• In economic news, a second reading by the US Commerce Department for economic activity in the final three months of 2016 revealed lower-than-expected US GDP growth of 1.9%. The softer data was primarily attributed to downward revisions to business and government investments, which offset robust consumer spending – a key contributor to US economic growth.
  • Although private sector output growth moderated from the 14-month high recorded at the start of 2017, it still supports a solid pace of economic growth overall.
  • Core Consumer Price Index (CPI) (which strips out food and energy costs) rose 0.3% in January and 2.3% year-on-year, providing support for the Fed’s goal of three interest rate hikes in 2017.

EUROPE

  • European equity markets rose in February. Economic data showed a strong activity momentum, and European corporate earnings estimates continued to rise upwards.
  • On a sector level, the rotation away from defensive industries and into cyclicals (those more sensitive to economic cycles) witnessed over the last few months stalled in February, mimicking the drop in government bond yields
  • The healthcare and utilities sectors were among the leading performers this month, along with the technology sector. Meanwhile, the financials sector lagged following a strong rally since the start of the fourth quarter in 2016. The consumer services sector also trailed the overall market.
  • On the macroeconomic front, data confirmed the resilient and broadening base of the European economic recovery, underpinned by an accommodative monetary policy, less austerity, a favourable exchange rate and some structural reforms.
  • 2017 earnings projections have been steadily revised up, in a welcome departure from the trends observed over the last few years, where initial estimates were unwound as the year progressed.

ASIA & EMERGING MARKETS

  • Most Asian equity markets recorded decent gains in February, largely due to better than-expected economic data. Asian currencies were broadly stable against the US dollar, with the Korean won and Taiwan dollar being the region’s best performing currencies for the second straight month, in part due to easing fears that US trade policy will take a strongly protectionist turn under President Trump.
  • China’s equity market made good gains, reflecting robust economic data, positive earnings revisions and fewer concerns surrounding capital outflows. Meanwhile, financial regulators drafted a consultation paper aimed at reducing financial leverage and risk in asset management products, while the People’s Bank of China continued to tighten monetary conditions by pushing market interest rates higher.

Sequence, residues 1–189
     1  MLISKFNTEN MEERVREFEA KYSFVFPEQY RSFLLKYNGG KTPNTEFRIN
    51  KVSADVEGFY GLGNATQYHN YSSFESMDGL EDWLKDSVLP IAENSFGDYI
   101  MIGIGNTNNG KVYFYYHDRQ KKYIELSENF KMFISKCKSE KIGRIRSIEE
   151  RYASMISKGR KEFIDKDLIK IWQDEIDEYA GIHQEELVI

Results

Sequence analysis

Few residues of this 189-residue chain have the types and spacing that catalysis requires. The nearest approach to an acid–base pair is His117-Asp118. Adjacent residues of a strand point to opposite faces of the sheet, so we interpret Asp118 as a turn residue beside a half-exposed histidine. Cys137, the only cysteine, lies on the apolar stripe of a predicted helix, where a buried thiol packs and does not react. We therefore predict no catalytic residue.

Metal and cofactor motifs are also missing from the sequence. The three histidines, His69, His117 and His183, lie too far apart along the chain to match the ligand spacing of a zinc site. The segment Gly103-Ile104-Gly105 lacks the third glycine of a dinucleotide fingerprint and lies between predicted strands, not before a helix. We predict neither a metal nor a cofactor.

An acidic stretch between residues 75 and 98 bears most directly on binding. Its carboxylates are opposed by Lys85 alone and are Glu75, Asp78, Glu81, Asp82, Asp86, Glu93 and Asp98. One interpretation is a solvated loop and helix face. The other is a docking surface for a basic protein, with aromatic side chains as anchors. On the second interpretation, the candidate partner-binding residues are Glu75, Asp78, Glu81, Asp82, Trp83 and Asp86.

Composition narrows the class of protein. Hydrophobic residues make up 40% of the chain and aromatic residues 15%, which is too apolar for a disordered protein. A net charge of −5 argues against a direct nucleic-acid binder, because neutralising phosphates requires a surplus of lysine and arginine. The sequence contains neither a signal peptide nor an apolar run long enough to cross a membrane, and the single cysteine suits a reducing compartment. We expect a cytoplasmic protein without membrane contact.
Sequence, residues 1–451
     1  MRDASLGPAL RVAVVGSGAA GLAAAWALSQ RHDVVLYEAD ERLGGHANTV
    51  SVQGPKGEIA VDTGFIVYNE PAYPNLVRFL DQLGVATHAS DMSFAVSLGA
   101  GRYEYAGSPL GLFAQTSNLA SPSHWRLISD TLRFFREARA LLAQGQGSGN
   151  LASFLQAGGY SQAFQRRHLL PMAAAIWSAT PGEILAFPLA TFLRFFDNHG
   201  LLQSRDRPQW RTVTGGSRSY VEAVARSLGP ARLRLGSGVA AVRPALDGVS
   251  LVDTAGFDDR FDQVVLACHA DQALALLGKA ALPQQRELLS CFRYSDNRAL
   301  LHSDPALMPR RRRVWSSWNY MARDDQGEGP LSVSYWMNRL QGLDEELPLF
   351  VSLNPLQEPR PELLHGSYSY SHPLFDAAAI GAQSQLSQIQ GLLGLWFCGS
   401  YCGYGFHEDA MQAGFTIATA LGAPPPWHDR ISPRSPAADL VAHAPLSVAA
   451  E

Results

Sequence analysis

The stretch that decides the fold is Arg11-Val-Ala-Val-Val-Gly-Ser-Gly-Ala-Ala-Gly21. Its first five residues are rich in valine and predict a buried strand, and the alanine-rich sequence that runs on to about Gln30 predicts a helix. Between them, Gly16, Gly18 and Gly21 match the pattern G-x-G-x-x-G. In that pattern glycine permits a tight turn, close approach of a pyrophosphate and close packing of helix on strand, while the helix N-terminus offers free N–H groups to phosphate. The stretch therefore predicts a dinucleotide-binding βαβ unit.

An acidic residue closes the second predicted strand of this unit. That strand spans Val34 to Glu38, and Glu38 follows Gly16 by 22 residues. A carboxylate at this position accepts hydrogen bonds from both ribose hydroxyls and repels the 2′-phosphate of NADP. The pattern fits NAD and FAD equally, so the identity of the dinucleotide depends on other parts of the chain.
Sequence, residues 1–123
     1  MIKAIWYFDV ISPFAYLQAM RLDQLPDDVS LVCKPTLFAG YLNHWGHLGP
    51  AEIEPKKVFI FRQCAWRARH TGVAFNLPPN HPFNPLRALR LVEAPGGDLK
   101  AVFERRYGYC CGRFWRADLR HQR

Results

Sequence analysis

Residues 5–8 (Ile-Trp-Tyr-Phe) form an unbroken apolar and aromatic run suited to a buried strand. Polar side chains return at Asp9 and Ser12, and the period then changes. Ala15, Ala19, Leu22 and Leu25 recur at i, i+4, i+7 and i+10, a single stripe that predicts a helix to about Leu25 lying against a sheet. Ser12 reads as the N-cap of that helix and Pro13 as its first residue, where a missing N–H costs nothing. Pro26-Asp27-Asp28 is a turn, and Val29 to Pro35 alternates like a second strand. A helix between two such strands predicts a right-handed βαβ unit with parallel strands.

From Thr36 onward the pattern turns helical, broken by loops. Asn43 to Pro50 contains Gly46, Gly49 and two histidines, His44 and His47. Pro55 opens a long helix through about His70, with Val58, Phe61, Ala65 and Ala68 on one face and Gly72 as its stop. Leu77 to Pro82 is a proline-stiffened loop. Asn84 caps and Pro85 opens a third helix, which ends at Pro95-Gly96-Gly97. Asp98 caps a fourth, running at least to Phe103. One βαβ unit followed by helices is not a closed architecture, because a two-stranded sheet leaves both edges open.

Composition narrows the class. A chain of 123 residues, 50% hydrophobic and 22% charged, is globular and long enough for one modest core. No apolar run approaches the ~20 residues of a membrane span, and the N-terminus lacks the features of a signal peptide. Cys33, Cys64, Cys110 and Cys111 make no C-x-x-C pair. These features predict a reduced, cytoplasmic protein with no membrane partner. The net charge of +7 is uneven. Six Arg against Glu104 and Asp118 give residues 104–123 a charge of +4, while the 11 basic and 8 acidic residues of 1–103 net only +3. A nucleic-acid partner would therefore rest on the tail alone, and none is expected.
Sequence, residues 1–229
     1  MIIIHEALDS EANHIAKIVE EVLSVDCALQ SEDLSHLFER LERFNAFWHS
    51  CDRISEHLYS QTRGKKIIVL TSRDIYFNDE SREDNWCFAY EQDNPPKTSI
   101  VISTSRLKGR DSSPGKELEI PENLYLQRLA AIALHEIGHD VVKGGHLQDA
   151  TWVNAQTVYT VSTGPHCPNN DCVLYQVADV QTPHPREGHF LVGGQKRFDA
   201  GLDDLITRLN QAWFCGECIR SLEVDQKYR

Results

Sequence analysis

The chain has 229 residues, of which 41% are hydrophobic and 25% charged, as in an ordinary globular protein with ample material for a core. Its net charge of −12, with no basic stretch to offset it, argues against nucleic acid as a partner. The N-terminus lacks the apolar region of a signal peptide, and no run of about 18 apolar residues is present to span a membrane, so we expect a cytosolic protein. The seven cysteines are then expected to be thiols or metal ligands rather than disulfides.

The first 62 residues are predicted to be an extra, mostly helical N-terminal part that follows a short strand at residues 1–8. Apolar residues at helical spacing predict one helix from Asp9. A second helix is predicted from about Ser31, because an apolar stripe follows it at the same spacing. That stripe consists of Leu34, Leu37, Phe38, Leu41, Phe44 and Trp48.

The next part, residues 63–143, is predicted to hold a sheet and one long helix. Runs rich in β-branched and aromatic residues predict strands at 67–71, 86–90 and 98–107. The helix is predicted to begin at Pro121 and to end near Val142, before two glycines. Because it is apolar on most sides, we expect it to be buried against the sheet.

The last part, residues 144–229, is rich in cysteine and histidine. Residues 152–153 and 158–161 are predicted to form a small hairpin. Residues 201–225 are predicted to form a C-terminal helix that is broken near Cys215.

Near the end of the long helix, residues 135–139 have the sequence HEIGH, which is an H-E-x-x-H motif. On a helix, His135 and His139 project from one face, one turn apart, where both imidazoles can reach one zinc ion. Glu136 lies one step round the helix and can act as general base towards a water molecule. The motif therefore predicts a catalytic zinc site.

• India was one of the region’s best performing equity markets despite the central bank signalling an end to the monetary policy easing cycle.
  • Latin America and emerging Asia vied with each other for the best performing region, with EMEA (Europe, Middle East and Africa) being the laggard. Brazil and Mexico led the equity gains in Latin America, whereas performance in EMEA was more diverse, with Russia losing ground and Egypt posting double-digit returns.
  • All emerging market sectors, apart from energy, ended the month in positive territory

JAPAN

  • The Japanese equity market ended the month higher in local currency terms. Although earlier this year there had been significant worries about criticism by the Trump administration toward Japanese trade and currency policies, the US-Japan leaders’ summit in February saw no in-depth discussion of exchange rates or economic policy, and investors were reassured for now.
  • At home, Japanese economic conditions have been steady, with fourth quarter real GDP growth of 1% (quarter-on-quarter) driven primarily by strong net exports. Regarding domestic demand, consumer confidence continued to improve, with the consumer confidence index attaining its highest level since September 2013. High labour participation rates led to gains in employment income, which boosted confidence.
  • Meanwhile, investor sentiment was well supported by a solid third quarter corporate results season. Results were well above consensus thanks to the robust global macroeconomic environment, and companies have tended to increase their full-year earnings guidance. In particular, positive surprises far outweighed negative ones among the global cyclicals sectors, such as autos, trading and chemicals.

FIXED INTEREST

  • During February, bond markets rallied as investors re-evaluated some of their previous assumptions about Donald Trump’s reflation policies and political risk in the Eurozone.
  • US 10-year Treasury yields were slightly lower on the month with the 10-year yield ending February at 3%, down from 3.1% at 31 January 2017.